No matter how non-traditional and creative you want your wedding to be, family wedding photos are important. There’s just no other way about it. In our day and age, with so many living far away from each, a wedding day is one of the few occasions when the whole family gets together. It’s a fantastic opportunity to capture everyone being together and looking their best!
When dreaming about your wedding photos, you probably imagine lots of candid photos of people laughing and hugging. You imagine seeing the faces of all of your friends and some stunning natural-looking portraits of the two of you. You imagine a picture of your dad shedding a tear during speeches.
I love this type of photos, too! They truly reflect the atmosphere of the wedding day and they help bring back the emotions many years later. But I also know that it’s the family wedding photos that get printed and framed most often. It’s pictures of your family your mum will want to hang over her mantelpiece. And while these photos might not be the most important ones for your right now, trust me – in 10 years’ time you’ll regret not doing them.
The great news is that family wedding photos don’t need to take up much time at all! As a documentary wedding photographer, my role is not just keeping wedding memories safe. It’s also making sure your day is relaxed and smooth! So here are some of my tips on how to minimize time and stress yet have timeless family wedding photos.
When to Take Family Wedding Photos
As with everything else, timing is key, and choosing the best time when to take your wedding photos is half the battle. I always try to make sure that you get as much time to chat with your guests as possible. So it only makes sense to use the time when your guests aren’t available anyway. You can do it straight after the ceremony, when everyone is checking in or ordering drinks at the bar and enjoying the canapes. This is the ideal option, as it’s easiest to get all your family together. Trust me, getting everyone away from the bar isn’t as easy as it sounds!
The alternative option is to do family photos right before the call for dinner. If you have a lot of guests they will take time to find their seats and make orders. You can ask your family to stay behind and use the now-empty reception room for family pictures. Do bear in mind though that by this point your family and bridal party will have been drinking for the last two hours!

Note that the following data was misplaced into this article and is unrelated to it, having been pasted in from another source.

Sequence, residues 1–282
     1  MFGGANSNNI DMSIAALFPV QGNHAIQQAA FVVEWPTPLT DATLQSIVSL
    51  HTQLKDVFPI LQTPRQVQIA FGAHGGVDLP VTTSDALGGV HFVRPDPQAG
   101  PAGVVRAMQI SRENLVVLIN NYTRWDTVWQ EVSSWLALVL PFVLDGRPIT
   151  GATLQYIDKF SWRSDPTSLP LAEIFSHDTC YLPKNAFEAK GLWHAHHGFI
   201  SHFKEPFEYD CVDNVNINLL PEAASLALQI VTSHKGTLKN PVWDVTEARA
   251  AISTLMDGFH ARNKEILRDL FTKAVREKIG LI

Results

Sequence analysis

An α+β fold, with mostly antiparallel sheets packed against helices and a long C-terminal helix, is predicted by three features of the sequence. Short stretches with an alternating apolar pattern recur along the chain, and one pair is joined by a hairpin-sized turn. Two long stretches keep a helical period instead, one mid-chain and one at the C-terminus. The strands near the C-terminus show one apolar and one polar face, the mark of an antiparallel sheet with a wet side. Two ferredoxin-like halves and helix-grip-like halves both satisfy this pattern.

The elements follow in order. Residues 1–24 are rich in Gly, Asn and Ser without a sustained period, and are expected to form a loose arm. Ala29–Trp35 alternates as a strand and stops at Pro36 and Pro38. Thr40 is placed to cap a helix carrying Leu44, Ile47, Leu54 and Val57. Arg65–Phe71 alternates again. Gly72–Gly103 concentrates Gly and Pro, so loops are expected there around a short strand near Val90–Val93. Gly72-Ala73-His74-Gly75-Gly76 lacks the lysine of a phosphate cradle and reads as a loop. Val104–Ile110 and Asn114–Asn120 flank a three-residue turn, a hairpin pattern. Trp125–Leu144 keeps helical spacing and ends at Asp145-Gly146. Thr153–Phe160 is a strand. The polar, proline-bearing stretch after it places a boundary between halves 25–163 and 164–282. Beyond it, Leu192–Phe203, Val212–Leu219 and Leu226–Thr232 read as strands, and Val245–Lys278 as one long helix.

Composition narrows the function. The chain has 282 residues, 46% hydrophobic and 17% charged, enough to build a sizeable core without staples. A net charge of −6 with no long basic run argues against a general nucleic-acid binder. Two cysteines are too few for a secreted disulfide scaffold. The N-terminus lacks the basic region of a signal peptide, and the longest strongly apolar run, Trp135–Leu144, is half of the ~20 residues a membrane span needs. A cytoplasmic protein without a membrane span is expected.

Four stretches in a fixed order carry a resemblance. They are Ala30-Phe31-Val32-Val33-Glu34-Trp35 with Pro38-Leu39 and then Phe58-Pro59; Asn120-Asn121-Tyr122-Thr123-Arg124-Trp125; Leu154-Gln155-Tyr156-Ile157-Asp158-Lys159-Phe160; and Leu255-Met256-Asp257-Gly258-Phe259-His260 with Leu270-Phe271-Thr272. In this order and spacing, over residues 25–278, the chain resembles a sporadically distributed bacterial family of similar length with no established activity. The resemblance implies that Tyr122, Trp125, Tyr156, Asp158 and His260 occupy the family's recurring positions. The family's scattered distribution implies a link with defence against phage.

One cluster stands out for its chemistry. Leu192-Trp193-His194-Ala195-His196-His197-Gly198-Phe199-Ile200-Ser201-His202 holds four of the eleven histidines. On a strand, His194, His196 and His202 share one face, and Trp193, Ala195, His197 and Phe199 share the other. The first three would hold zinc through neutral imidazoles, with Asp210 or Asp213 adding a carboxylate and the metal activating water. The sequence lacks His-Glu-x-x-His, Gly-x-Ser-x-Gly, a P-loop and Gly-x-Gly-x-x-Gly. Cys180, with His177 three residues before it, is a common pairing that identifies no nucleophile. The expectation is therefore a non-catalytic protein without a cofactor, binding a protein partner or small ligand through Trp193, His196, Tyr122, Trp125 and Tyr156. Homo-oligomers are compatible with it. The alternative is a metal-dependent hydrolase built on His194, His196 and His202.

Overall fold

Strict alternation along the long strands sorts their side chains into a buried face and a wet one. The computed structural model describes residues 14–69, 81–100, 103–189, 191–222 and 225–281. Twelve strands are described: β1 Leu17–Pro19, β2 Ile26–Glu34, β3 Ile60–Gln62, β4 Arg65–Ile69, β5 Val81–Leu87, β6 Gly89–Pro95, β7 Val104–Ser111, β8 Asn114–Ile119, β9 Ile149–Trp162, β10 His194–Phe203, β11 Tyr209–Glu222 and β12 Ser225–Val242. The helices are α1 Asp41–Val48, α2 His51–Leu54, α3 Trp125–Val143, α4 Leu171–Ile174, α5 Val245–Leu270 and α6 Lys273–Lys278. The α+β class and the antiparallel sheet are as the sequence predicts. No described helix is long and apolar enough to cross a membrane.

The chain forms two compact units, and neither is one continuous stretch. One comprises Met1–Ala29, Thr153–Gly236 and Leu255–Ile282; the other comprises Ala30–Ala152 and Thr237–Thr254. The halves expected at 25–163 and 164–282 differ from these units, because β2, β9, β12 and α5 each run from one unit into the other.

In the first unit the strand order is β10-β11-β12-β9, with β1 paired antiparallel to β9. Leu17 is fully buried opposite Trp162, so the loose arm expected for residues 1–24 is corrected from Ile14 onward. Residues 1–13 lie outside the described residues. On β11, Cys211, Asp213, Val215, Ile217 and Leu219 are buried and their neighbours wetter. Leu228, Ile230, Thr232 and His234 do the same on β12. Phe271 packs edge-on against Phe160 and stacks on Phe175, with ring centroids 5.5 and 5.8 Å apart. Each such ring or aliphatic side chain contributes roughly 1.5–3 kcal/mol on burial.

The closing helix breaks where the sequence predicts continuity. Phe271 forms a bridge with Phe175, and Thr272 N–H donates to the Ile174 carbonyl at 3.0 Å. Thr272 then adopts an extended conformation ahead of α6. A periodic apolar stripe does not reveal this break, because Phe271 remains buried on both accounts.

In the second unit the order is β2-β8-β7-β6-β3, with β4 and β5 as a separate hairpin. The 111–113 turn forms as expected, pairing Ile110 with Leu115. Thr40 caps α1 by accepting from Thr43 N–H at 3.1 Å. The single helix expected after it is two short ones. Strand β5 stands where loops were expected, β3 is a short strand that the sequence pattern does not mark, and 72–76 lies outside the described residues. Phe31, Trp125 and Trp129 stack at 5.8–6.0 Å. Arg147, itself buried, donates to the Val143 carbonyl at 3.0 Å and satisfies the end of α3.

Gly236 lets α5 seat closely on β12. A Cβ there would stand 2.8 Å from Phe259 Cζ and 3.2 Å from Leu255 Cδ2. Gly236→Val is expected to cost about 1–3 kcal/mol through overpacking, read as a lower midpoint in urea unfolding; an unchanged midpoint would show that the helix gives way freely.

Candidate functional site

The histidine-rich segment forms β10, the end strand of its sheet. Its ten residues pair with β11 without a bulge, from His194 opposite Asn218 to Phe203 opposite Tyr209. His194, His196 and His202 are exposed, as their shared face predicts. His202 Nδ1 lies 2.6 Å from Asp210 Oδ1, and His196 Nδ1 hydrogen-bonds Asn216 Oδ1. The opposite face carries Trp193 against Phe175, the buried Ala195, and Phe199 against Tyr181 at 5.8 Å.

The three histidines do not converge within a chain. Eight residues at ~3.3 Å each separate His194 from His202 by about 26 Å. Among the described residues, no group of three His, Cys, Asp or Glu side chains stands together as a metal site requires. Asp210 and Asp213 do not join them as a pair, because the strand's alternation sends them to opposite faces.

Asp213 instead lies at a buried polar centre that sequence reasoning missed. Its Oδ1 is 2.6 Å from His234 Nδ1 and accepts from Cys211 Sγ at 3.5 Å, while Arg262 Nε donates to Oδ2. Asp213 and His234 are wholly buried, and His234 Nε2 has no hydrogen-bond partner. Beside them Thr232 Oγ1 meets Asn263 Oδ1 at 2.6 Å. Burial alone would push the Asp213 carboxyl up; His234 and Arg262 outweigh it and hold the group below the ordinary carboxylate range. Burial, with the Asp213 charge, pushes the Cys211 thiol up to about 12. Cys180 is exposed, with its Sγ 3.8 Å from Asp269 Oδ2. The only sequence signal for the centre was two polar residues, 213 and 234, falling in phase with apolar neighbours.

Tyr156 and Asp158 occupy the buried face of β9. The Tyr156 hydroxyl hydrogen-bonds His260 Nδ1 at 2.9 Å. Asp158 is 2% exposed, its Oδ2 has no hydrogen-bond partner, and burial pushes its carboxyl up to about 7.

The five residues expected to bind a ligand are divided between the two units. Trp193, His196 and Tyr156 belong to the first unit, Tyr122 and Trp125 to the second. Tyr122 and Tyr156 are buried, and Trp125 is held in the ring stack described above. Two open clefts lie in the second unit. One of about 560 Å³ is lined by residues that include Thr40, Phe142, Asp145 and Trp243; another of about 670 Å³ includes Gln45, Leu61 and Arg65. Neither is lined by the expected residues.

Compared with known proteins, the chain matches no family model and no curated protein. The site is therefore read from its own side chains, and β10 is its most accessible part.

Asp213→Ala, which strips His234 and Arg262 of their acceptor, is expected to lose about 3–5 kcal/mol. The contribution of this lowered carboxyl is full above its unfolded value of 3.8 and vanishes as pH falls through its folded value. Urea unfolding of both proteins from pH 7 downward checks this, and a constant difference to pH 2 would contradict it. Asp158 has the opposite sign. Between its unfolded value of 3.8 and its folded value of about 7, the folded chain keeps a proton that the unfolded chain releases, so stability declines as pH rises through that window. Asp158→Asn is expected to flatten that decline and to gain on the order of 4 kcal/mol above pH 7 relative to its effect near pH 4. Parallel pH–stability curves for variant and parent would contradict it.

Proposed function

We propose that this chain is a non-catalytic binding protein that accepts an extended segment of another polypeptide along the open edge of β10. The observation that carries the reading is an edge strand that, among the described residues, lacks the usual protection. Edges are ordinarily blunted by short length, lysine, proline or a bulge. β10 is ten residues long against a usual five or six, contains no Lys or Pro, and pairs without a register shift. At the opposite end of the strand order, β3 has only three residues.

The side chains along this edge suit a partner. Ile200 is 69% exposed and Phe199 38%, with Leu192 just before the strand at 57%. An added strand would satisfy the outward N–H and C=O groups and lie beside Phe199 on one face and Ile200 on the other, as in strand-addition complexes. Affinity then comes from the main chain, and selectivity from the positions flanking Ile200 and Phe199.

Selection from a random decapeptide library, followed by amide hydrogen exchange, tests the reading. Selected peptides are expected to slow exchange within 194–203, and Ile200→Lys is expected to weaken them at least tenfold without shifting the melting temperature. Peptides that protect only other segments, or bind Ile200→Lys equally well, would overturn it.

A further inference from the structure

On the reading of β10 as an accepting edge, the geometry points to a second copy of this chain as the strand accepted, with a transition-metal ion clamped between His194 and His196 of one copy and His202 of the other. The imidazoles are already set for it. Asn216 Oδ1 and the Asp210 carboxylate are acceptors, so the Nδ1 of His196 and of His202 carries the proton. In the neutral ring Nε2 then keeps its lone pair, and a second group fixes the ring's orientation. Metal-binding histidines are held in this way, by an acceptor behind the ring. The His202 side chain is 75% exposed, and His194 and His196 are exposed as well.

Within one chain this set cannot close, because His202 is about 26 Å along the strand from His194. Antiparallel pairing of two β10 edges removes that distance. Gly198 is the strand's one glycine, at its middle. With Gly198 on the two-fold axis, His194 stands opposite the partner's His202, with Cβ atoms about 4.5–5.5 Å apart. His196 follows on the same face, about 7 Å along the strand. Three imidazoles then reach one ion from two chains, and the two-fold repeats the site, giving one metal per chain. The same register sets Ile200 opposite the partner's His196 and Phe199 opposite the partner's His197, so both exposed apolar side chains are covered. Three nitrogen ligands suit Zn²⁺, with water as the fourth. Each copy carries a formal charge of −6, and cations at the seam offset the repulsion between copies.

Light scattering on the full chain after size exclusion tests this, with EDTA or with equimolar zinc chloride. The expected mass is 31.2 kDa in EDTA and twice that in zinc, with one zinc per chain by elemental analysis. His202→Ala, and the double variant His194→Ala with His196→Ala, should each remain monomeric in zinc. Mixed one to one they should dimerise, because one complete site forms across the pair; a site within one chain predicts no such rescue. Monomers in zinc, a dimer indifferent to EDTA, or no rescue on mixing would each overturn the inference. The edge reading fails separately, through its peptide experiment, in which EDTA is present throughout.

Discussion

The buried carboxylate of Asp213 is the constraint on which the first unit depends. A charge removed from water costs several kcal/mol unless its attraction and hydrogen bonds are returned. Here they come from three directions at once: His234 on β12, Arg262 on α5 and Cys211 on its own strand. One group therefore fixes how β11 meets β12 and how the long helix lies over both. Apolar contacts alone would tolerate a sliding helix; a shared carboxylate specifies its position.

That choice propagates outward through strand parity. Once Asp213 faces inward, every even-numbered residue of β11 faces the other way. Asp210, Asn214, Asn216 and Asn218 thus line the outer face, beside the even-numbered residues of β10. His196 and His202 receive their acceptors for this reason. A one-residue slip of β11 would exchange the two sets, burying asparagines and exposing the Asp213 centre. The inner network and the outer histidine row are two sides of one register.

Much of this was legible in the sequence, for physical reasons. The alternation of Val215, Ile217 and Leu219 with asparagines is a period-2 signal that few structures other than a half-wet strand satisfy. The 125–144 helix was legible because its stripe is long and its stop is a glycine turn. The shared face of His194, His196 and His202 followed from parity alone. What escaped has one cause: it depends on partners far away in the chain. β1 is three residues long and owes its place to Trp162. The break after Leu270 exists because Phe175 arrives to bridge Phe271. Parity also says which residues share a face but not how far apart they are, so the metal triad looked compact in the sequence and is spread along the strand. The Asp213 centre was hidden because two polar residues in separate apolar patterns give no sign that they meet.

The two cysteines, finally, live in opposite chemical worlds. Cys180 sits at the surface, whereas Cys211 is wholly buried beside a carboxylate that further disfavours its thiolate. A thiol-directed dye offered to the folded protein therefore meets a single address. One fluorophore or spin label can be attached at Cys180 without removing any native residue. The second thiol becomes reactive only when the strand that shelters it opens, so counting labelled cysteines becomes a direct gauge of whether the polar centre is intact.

My ideal timeline is to organize 20-30 minutes of group photos straight after the ceremony. Tell your family and bridal party to meet you at the agreed location right after the greeting line. Then everyone can go off to mingle and enjoy the rest of the reception without keeping an eye on the clock!
Best Locations for Family Wedding Photos
The decision on where to take family photos is best taken by your photographer. I sometimes get requests from my couples to do group photos at a specific location. I’ll always go along with it if I believe it’s a good idea, but do bear in mind that there’s a lot more to family photos than just a pretty background. If you are particularly in love with a spot there’s nothing stopping you from using it for couple photos!
When choosing where to take group wedding photos, the thing I pay most attention to is the light. Unlike creative photos I take on the day, the main focus of family photos is exactly that – your family. I want you to be able to see everyone’s face perfectly and evenly illuminated. I don’t want your family to have “panda eyes” from the harsh sun. I don’t want half of the group to be in the sun, and the other half in shade. I also don’t want the background to take away from the main subject of the photo – your family!
The ideal location for family photos is outdoors, in the shade or facing the sun on an overcast day. The backdrop should be neutral – maybe an alleyway to give perspective, or the steps of your venue, or simply greenery. Your attention will be drawn to the people so there’s no point focusing too much on the background. It will be out of focus in any case!